What is a political trial? There have not been many attempts to explain or define the concept. By far the best treatment of the subject is by Otto Kirchheimer in a book titled Political Justice. Yet even Kirchheimer is not entirely clear about what a political trial is: he defines it as a judicial trial which is directly involved with the struggle for political power. That is rather vague. Several weeks ago, Justice Douglas, in a concurring opinion, referred to political trials-one of the first justices ever to mention the term-but he did not explain what they were. Instead, he gave five examples from American history of what he considered to be political trials. Those were: the Haymarket trial; the Debs trial in connecticut with the Pullman strike; the Mooney-Billings case; the Sacco-Vanzetti trial; and the Smith Act prosecution of Dennis. I think that we would probably all agree that those were political trials. Let me, however, go a little beyond the examples and indicate some of the situations in which a political trial occurs.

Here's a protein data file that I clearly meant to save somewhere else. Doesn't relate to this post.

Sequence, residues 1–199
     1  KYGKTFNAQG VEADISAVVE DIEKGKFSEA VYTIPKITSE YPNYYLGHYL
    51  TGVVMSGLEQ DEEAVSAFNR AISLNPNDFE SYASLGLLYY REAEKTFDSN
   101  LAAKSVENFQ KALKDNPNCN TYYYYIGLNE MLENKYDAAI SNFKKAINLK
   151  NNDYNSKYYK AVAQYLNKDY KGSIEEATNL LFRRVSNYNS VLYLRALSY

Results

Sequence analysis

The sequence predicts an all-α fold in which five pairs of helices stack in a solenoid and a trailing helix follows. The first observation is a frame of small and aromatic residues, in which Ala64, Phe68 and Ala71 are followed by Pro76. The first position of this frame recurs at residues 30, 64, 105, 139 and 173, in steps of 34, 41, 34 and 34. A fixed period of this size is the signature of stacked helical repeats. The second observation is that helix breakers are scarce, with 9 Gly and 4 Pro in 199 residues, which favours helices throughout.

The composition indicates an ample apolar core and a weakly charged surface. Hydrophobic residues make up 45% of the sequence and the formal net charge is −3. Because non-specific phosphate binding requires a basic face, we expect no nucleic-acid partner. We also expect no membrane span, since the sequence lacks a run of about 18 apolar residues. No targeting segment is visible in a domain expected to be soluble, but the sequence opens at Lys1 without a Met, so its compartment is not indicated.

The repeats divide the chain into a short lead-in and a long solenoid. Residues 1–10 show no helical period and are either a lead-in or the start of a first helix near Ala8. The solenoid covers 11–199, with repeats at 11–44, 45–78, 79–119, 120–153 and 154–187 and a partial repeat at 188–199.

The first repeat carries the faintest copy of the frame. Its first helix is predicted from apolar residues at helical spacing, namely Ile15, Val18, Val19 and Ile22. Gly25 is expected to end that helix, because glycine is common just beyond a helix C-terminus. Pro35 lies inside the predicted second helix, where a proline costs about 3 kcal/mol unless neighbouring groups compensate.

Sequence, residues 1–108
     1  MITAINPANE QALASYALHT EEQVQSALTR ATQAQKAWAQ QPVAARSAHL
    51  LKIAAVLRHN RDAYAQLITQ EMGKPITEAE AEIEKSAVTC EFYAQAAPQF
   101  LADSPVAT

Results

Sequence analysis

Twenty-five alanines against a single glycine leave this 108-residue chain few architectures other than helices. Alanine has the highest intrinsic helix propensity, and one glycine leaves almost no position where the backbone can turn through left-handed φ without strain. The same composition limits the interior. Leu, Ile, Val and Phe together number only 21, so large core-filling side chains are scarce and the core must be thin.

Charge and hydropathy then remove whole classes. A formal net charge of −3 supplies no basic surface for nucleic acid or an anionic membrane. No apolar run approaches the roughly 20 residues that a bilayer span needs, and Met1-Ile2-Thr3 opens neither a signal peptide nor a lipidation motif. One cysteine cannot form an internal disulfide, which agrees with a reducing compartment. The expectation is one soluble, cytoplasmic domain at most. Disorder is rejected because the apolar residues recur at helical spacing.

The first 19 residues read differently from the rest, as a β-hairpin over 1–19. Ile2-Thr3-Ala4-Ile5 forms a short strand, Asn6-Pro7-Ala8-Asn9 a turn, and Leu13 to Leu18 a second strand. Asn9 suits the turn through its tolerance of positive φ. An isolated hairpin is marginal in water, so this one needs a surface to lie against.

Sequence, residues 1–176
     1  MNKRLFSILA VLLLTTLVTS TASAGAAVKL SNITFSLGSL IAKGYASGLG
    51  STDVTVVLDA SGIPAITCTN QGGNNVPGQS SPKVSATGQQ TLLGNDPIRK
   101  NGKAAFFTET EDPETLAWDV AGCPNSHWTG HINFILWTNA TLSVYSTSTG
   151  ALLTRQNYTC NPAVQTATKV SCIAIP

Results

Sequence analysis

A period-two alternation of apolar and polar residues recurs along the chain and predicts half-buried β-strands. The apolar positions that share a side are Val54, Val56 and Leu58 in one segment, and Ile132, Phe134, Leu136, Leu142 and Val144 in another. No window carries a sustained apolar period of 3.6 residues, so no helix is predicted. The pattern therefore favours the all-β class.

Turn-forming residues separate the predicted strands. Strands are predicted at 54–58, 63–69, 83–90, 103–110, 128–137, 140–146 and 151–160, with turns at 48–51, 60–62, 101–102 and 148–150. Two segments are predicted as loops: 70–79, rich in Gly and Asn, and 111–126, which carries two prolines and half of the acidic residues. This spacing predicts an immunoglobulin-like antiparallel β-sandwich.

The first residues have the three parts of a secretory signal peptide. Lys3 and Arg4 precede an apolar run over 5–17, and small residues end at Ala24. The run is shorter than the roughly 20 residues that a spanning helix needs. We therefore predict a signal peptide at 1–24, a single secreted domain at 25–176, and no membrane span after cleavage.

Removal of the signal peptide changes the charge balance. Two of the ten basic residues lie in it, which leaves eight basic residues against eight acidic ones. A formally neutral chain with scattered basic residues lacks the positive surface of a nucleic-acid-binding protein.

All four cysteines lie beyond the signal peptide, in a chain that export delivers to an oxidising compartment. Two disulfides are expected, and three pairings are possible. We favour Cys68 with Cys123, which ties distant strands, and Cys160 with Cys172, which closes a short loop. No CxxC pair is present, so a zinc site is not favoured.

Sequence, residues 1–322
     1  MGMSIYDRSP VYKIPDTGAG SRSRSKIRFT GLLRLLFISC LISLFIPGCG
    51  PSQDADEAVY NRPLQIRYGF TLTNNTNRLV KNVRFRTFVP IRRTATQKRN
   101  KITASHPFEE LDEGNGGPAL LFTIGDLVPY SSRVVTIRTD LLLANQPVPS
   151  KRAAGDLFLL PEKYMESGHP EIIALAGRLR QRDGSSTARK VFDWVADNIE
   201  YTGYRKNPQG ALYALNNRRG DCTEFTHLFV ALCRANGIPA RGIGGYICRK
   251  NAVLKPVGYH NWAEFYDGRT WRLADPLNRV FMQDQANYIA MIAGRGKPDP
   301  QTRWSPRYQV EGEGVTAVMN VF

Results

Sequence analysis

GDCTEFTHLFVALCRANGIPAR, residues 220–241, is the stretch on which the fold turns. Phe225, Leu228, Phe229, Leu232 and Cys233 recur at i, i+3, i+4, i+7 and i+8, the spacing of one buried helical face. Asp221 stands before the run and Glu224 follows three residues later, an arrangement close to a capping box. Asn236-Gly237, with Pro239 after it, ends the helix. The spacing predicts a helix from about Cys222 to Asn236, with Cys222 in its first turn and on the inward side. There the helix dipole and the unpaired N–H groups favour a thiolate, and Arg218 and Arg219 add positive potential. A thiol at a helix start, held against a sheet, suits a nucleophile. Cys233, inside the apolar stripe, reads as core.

Yale Review of Law and Social Action: Vol. 1
, Article 2.
Available at: https://digitalcommons.law.yale.edu/yrlsa/vol1/iss2/2